To take calls on a main line and then route them to the right individuals, and to enable internal calls to be connected between different people, businesses need some kind of switching system. This is the job of the PBX. It sits at the centre of the phone system and allows calls to be directed through to different lines or extensions. It is the hub through which all calls are routed – the end point of your “main switchboard” number.Back to top
What is PBX?
It’s basically a smaller version of the enormous switching machinery that you’d find in a public telephone exchange. How big it needs to be will depend, of course, on the number of connections it needs to accommodate. It could be just four or eight lines, or several hundred or even thousands.
Until a few years ago, all PBXs were hardware-based and needed to be physically installed. Now there are both hard and soft versions – the latter can be software that resides on your on-premises server, or it can be contained completely in the cloud. Either way, it will provide the virtual ‘soft’ switching and directing of calls between your users.Back to top
What does PBX stand for?
PBX is an acronym for Private Branch Exchange (PBX), which more or less explains what it is and what it does. While it used to be associated with the old-style hardware-based devices that used to be installed in the switchboard operator rooms in big organisations (remarkably, there are still some of those about), nowadays, it’s a term that tends to be used for any hardware or software-based centralised telephony switching system.Back to top
What are PBXs used for?
PBXs are the central switching system at the hub of a businesses telephone system. As well as being the route through which all calls are connected to different extensions or numbers, they are also the mechanism through which calls are connected to services such as voicemail, call-forwarding and other functions of the telephony system. In this sense, they are the epicentre of everything.Back to top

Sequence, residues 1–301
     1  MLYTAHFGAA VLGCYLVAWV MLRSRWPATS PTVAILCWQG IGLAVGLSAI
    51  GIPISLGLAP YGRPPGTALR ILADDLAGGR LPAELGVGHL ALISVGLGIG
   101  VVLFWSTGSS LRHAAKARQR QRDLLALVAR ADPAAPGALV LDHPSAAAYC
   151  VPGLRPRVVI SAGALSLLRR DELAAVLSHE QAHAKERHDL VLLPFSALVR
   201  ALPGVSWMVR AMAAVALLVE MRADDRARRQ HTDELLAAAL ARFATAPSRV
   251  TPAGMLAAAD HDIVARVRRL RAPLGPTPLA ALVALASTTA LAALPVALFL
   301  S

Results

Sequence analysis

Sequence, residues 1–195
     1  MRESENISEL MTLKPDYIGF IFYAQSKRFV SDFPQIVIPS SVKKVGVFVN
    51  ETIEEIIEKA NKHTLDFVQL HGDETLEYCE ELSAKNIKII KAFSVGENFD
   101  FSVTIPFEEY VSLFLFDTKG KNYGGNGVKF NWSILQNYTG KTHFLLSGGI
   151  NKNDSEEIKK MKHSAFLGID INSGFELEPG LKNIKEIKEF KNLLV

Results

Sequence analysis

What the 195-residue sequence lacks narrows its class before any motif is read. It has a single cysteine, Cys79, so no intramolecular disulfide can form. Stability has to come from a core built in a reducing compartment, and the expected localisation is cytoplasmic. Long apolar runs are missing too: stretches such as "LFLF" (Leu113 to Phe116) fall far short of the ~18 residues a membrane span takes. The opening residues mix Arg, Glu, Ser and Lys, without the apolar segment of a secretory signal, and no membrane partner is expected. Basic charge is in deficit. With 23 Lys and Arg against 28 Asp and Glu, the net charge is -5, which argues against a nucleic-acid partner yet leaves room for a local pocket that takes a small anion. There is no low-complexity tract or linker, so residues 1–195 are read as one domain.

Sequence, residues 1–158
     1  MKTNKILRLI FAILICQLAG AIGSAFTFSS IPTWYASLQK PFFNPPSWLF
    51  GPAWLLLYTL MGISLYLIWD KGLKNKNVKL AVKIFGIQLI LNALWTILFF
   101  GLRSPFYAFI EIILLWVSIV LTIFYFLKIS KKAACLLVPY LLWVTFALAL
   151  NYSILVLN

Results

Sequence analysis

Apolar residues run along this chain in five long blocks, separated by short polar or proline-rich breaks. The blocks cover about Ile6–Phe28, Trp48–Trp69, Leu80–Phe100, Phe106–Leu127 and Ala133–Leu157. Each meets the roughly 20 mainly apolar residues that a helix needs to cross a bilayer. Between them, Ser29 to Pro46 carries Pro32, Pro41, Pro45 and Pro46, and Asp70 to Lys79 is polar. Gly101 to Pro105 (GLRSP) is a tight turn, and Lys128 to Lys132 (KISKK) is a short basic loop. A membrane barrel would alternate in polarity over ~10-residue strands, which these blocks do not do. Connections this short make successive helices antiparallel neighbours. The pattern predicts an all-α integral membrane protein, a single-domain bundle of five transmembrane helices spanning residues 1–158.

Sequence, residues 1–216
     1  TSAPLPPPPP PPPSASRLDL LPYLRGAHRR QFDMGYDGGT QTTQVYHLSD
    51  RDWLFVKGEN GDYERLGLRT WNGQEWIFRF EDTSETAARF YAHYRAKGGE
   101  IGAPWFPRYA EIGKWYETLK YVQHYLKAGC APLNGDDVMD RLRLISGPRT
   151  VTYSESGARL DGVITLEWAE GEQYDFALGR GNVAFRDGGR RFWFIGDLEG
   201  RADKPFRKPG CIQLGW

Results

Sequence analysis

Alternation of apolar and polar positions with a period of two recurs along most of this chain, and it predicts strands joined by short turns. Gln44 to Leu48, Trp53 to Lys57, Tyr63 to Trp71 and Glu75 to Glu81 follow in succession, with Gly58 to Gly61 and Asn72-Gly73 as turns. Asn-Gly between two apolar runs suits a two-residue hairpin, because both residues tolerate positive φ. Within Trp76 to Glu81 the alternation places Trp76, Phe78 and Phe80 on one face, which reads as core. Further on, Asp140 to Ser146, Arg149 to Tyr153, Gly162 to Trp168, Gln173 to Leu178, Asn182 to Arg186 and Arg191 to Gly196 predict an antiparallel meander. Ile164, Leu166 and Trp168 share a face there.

Business phones vs PBXs
You can’t really compare a PBX to any other kind of business phone system. If you have a mainline number through which you want all calls to be routed and, from there, forwarded on to different individuals, you will need some kind of centralised switching system or PBX. Without a PBX, you’d just have one number and some extensions, or a series of numbers. While a lot of us use our mobile numbers for business today, any organisation that wants to appear credible needs to have some kind of centralised phone system – or PBX.Back to top
A PBXs main jobs
A PBX today can have many different functions, especially a ‘soft’ PBX, as it is really the centrepiece of the whole telephony system. Traditionally, though, the PBX was quite literally a switching board through which the operator would connect different lines. This was soon replaced with automatic call distribution (ACD) features, which allowed calls to be routed directly to a particular extension – what we refer to today as the ‘direct dial’ number.
PBXs gradually got more sophisticated and eventually started to incorporate functions such as call forwarding, hunt groups, voicemail and auto attendant. They would also allow limited recording and reporting on call lengths and volumes.
The soft PBXs that are now available and are used to operate and manage IP-based hosted voice services have many more features and are much more sophisticated, so they really do act as that centralised resource through which the whole telephony system is organised and managed.Back to top
Functions of a PBX
Essentially, the core function of the PBX is to be that central point of contact and provide that single number dial-in for incoming calls and outgoing calls. Without that, businesses would not to be properly organised or credible. It’s vital to have that central number for customers, suppliers and other contacts to call.
The other obvious functions of the PBX are that it allows operator-managed or automated call forwarding, so that different individuals can be contacted via the same number, and internal calls to be made between the extensions.
It also means that the organisation can maintain control of its calls and its costs – and if calls can be recorded and volumes reported upon, that will help managers to keep tabs on activity and on how much calls are costing. It can also provide the extended functionality that most organisations need such as auto attendant, hold music, group hunting, call forwarding and voicemail.
As we have already noted, the ‘soft’ or IP-based PBXs that are now available to run either on a local server or in the cloud can provide a much wider range of capabilities. They are also different in that they offer much more scalability – it’s possible to increase or decrease the number of users and to make changes to the set-up very quickly and at any time.Back to top